Monsoon rain arrived on the coast of India’s southernmost state of Kerala on Thursday, bringing comfort to farmers after a more than a week wait, and marking the latest arrival in four years.
The monsoon, India’s $3 trillion economy’s lifeblood, provides about 70% of the rain required to hydrate agriculture and recharge reservoirs and aquifers. It also provides refuge from the worst of the summer heat.
In the absence of irrigation systems, nearly half of India’s farmland depends on the June-September rains and their late arrival could delay the planting of rice, cotton, corn, soybean and sugar cane, traders said.
“Southwest Monsoon has set in over Kerala today, the 8th June, 2023, against the normal date of 1st June,” the state-run India Meteorological Department (IMD) said in a statement.
This year, the IMD had expected the rains to arrive over the state’s coast on June 4 but the formation of severe cyclonic storm Biparjoy in the Arabian Sea delayed their onset.
The cyclone would gradually intensify further during next 18 hours, with winds gusting up to 170 km per hour, and would move approximately northwestwards during the next three days, the IMD said in a statement on Thursday.
It has advised fishing workers to return to the coast and avoid fishing in the central and northern Arabian Sea until June 14.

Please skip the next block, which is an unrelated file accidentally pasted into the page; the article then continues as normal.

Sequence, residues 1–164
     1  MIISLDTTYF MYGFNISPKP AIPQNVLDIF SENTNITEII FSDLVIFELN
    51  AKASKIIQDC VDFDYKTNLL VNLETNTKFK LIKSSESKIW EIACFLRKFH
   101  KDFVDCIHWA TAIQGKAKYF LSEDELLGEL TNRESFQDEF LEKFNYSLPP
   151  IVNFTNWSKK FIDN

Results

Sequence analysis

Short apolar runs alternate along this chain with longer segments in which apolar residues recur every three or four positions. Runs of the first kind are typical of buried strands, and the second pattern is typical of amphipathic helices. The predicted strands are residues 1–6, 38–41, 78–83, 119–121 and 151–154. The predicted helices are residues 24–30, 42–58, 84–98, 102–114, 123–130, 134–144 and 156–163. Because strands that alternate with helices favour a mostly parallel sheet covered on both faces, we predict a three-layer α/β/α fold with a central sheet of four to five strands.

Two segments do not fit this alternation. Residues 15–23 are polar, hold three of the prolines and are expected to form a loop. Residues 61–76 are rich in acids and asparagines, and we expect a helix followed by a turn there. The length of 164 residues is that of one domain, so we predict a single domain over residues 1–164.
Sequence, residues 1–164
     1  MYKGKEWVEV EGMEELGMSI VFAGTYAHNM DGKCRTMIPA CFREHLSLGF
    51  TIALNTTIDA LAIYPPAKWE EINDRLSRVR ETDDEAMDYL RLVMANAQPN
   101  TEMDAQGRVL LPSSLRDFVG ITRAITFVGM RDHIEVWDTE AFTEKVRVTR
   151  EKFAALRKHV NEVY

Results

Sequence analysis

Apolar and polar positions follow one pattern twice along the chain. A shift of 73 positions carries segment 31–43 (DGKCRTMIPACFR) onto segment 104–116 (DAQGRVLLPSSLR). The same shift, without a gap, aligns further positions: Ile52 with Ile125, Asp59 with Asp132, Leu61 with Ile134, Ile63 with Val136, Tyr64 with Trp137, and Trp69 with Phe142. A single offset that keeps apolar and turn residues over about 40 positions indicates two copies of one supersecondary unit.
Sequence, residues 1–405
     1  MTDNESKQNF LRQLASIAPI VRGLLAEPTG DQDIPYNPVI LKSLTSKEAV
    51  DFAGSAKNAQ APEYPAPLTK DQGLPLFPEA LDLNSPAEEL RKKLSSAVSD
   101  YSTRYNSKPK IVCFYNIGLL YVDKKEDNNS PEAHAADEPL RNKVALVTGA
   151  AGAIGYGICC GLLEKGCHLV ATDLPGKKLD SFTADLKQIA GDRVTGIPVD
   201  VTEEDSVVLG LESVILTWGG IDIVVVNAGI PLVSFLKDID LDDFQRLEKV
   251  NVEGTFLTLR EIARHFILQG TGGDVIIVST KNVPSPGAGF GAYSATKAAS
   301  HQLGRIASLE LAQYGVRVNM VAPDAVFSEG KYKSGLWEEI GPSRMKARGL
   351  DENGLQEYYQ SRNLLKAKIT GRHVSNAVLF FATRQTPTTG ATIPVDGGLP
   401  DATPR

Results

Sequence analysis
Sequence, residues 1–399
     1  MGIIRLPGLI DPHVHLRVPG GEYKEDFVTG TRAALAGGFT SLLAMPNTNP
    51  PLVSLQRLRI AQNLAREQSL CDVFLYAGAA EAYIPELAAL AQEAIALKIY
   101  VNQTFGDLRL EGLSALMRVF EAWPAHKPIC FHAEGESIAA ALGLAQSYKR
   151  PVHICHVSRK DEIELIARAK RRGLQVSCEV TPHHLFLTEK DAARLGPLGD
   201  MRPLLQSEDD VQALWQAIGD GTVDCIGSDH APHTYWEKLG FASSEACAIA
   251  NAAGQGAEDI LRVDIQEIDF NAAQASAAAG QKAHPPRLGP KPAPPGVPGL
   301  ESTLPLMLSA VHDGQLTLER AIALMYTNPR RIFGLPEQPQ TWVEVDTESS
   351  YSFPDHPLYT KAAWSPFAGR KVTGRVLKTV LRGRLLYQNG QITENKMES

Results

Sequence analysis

The IMD confirms the monsoon has begun after taking into account rainfall measured at weather stations in the southern state of Kerala and westerly wind speeds.
Conditions are favourable for the monsoon to advance into the central Arabian Sea and some parts of Kerala, Tamil Nadu and Karnataka states, the IMD said.
India received 57% less rainfall than average in the first week of June, weather office data showed on Wednesday, reflecting the delayed arrival of the wet weather.
The monsoon would make progress in coming days in the south but central and western areas could get little rain over the next two weeks, said a senior IMD official, who declined to be identified as he is not authorised to talk to media.
The weather office has forecast below average rains for June, with the monsoon expected to pick up later.
However, for the entire four-month season, the IMD has forecast an average amount of rain despite the formation of a possible El Nino weather phenomenon.
In the past, India has experienced below-average rainfall during most El Nino years, sometimes leading to severe droughts that destroyed crops and forced authorities to limit the export of some grains.